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Could cataract surgery protect against dementia? Here’s why and when to remove motiyabindu

Could cataract surgery protect against dementia? Here's why and when to remove motiyabindu


Dementia and cataract

Gone are the days when removing cataracts meant a lens-less eye and one depended on thick reading or long-distance glasses. Intraocular lenses that are immediately placed in the cavity made by cataract removal ensures immediate restoration of vision and with impressive clarity.

Over the last several decades, cataract surgery has become exceptionally safe and rather routine across the world. Contrary to what many of us think cataract surgery DOES NOT merely sharpen vision, but as research suggests it may keep minds sharper, too, and help prevent dementia.

Research shows a link between vision loss and dementia

Dr Robert H Shmerling, MD, Senior Faculty Editor, Harvard Health Publishing writes that recent research has noted a link between age-related macular degeneration, cataracts, or diabetes-related eye disease and dementia. Some cases report the setting in of dementia as the person continued to lose vision over a few years without the cataract surgery.
Does the opposite (vice versa) also hold true? Could preventing or reversing vision loss reduce the risk of dementia? New evidence suggests that cataract surgery may prevent dementia. A new study in JAMA Internal Medicine presents that removing cataracts may reduce your risk for developing dementia. The researchers found that the risk of developing dementia was 29 per cent lower among people who had cataract surgery than among otherwise similar people who did not have this surgery.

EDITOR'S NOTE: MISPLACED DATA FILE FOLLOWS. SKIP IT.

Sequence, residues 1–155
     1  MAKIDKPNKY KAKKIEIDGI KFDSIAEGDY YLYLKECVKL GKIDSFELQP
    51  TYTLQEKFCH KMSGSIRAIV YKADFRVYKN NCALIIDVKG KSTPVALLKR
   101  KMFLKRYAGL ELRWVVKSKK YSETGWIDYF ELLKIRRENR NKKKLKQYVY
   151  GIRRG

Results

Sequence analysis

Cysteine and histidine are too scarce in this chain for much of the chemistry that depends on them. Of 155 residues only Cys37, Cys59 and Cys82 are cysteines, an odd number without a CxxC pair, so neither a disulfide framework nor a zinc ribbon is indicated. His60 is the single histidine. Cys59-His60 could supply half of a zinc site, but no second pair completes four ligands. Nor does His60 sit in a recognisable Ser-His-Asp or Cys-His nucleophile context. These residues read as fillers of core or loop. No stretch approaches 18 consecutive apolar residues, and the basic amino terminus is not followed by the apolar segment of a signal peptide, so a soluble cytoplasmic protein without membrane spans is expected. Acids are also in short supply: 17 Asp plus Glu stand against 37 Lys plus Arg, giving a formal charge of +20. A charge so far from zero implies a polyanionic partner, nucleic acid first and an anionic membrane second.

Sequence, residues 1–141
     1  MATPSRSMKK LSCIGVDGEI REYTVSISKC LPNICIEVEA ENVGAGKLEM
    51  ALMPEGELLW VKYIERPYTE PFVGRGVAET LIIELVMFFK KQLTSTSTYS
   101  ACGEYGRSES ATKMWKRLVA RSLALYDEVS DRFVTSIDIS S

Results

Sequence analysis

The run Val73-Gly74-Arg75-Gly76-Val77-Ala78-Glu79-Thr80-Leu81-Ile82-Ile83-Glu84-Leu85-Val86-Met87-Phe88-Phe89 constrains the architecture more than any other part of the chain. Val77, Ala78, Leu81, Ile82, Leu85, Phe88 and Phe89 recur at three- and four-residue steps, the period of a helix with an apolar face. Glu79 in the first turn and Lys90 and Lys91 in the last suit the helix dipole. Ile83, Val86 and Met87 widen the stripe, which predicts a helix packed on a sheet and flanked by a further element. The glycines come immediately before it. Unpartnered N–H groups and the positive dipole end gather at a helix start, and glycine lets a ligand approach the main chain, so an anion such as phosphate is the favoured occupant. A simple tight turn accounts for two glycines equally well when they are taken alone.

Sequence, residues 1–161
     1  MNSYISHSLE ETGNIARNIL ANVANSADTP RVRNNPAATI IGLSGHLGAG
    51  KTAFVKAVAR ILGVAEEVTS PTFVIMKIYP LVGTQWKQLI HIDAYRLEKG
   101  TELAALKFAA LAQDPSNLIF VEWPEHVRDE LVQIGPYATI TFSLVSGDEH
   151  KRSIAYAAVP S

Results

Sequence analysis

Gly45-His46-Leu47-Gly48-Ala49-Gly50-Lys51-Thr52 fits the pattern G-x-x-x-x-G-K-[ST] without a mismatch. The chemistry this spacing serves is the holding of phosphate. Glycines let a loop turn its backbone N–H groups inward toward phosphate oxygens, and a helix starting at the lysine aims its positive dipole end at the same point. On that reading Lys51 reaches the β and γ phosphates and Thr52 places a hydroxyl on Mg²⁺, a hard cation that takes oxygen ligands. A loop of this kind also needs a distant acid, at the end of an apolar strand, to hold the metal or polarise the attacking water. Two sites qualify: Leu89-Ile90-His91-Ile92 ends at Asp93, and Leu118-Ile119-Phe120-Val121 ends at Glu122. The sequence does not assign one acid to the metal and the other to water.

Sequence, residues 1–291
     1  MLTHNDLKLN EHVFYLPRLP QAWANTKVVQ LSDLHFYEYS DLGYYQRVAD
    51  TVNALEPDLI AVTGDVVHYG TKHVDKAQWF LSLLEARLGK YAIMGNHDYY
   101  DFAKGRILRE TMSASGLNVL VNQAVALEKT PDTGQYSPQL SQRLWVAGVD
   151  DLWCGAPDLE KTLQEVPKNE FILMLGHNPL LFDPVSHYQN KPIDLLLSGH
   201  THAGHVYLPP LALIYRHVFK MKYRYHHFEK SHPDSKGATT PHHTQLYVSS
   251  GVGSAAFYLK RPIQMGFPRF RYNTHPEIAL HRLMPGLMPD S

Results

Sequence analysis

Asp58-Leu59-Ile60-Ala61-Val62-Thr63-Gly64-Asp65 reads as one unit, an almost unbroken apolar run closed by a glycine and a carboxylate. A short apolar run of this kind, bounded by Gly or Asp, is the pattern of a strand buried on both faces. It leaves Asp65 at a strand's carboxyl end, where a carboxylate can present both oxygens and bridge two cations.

Among people with glaucoma, the risk of dementia was the same whether they did or didn’t have surgery. (Of note, glaucoma surgery does not restore vision.)

What is the connection between cataract surgery and brain health?

Experts believe that reduced sensory input to the brain is detrimental to function. Sensory nerves also behave on the “use it or lose it” principle. The lesser the sensory input of any kind, the lesser the brain stimulation and, as a result, there is loss of brain function.

Probably the limitations in their visual capacity must lead some people to restrict mental and physical activity. Studies have demonstrated that limited physical activity and social engagement increase the risk of dementia. If it’s true that cataract surgery can not only improve vision but also reduce the risk of dementia.

The bottom line:

Cataracts are often called preventable blindness. Like any operation, cataract surgery has risks and benefits to consider. Your doctor will advise you and give you the opportunity to choose from several methods and types of lenses.



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